During the most recent Democratic Presidential debate, I finally felt a connection to Cory Booker. I think the main reason his campaign never resonated with me is because his overall message has been "Radical Love" and my relationship with the word "love" is and has always been awkward.
It's not that I don't feel the love for certain humans, I simply don't feel comfortable saying it.
I was raised in a family and a culture where we hardly ever said it. Linguistically, parents in Korea say things like "You did well" or "I'm proud of you" or "You must be hungry. Eat this soup I made for you." As a kid who grew up in such a context, I interpreted such statements as meaning "I love you." Not explicitly spelled out but profoundly and implicitly understood.
So when Booker came out with "Radical Love" for his campaign, I wanted to run the other way ... similar to how I feel when I see someone wearing a "Love More" t-shirt.
The people I love exist in a very small and tight circle. The larger circle is more about respect, decency, compassion, and other fine words like regard, attraction, and esteem. And then there are folks who I immensely dislike but can muster an ability to tolerate and co-exist with.
I have a close friend who says "I love you, Jenny Doh" all the time. The first few times she said it to me, I tried to ignore it. But as I truly started feeling it for her, I forced myself to at minimum write it to her via text so she wouldn't feel that I didn't feel it for her. And I have also forced myself to say it to her face a couple of times. But it never feels natural and I don't feel it's me when I'm saying it. When I explained this whole awkwardness that I feel about the word to her, she delighted in hearing the explanation and declared again, "I love you, Jenny Doh." What a friend she is. To not pressure me to say it and not pressure herself to not say it. In other words, to accept our respective cultural, linguistic and familial upbringings.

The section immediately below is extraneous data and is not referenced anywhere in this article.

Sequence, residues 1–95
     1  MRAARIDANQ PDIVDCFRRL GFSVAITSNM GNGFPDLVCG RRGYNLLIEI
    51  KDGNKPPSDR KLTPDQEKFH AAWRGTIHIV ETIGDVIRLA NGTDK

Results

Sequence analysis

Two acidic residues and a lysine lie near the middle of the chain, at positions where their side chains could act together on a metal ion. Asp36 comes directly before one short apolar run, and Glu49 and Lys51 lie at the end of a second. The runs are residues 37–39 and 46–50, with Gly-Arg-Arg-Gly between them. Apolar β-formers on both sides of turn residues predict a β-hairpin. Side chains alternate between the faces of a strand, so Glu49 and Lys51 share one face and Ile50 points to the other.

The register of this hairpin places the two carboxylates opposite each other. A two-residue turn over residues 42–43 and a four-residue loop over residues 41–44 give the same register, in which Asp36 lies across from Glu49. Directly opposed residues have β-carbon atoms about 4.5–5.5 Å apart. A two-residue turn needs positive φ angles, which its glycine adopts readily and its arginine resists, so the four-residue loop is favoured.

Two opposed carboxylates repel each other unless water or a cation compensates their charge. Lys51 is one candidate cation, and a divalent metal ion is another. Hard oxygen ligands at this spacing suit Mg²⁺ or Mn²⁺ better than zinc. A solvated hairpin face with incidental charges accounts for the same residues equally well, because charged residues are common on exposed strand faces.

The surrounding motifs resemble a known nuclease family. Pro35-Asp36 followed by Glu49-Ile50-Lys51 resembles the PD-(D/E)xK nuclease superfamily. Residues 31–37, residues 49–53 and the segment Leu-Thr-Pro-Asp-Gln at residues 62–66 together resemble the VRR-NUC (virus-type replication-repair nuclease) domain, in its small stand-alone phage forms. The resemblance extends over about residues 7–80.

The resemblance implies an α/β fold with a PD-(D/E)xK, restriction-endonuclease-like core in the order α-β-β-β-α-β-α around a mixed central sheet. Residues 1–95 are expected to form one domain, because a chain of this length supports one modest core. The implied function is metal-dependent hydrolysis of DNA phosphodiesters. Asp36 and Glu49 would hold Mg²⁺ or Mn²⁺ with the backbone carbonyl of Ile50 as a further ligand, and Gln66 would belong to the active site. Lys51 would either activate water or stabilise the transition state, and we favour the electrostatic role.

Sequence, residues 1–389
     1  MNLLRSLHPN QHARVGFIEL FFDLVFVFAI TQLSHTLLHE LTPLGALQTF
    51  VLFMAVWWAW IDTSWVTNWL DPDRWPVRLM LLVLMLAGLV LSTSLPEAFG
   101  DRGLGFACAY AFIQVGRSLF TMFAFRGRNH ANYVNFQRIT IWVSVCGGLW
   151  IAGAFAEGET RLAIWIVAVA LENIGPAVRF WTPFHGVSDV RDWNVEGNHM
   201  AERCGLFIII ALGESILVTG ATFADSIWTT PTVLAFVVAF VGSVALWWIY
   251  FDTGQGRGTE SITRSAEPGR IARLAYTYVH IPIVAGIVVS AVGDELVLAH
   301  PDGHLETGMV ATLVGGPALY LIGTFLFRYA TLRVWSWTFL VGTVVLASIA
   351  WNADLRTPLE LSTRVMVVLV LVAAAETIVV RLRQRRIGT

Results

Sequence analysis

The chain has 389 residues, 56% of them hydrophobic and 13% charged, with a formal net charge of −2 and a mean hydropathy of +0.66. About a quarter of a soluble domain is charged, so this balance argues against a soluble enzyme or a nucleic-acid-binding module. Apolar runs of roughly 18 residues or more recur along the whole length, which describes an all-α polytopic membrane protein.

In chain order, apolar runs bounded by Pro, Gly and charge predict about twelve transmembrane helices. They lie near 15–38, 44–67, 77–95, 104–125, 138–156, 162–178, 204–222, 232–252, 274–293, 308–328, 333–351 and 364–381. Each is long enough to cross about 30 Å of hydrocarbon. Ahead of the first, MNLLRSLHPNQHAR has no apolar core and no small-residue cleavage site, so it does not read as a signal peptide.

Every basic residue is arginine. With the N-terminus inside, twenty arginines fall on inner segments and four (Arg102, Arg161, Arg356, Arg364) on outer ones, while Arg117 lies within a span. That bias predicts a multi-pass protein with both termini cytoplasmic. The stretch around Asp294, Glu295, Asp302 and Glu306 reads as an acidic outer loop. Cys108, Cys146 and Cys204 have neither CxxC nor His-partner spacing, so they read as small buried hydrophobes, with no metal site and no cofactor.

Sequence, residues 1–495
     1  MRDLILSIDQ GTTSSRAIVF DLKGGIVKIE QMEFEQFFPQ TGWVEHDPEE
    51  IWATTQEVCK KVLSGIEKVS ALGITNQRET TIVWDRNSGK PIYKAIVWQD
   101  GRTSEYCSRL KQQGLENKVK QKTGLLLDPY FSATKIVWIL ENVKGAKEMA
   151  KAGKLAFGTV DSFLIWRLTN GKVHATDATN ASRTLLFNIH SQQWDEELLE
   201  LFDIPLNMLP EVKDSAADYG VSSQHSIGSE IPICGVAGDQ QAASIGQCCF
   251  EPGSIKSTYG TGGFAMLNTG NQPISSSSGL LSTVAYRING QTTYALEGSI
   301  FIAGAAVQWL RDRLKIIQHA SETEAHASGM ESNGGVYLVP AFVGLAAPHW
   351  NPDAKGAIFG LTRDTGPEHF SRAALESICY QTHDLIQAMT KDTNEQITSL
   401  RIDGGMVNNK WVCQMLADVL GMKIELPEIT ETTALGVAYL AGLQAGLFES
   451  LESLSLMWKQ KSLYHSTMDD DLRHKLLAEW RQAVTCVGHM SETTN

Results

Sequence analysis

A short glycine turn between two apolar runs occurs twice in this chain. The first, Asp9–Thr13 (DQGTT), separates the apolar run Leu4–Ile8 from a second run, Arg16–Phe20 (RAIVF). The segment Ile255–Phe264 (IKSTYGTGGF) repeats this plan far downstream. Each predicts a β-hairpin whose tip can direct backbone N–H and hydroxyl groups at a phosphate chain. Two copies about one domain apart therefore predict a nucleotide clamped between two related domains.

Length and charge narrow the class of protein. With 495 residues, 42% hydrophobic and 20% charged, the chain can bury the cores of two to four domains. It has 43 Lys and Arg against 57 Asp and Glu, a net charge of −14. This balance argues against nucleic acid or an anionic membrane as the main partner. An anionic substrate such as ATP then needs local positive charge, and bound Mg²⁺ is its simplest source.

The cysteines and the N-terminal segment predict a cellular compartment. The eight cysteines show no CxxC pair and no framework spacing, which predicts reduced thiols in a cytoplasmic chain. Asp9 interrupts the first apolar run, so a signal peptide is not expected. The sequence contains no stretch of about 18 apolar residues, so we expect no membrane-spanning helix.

During the debate, it's when Booker spoke passionately about the inequities of how America has treated the privileged versus non-privileged in relation to possession, use, and sale of marijuana related products that I felt a connection with him. It didn't sound sappy like love sometimes does. It sounded forcefully and compassionately truthful.
The morning after the debate, I saw a photo of Booker, Klobuchar, and my candidate Buttigieg in a beautiful selfie. Smiling, respectful, and decent. Fierce competitors with different upbringings working to connect with people ... some who love explicitly and others implicitly.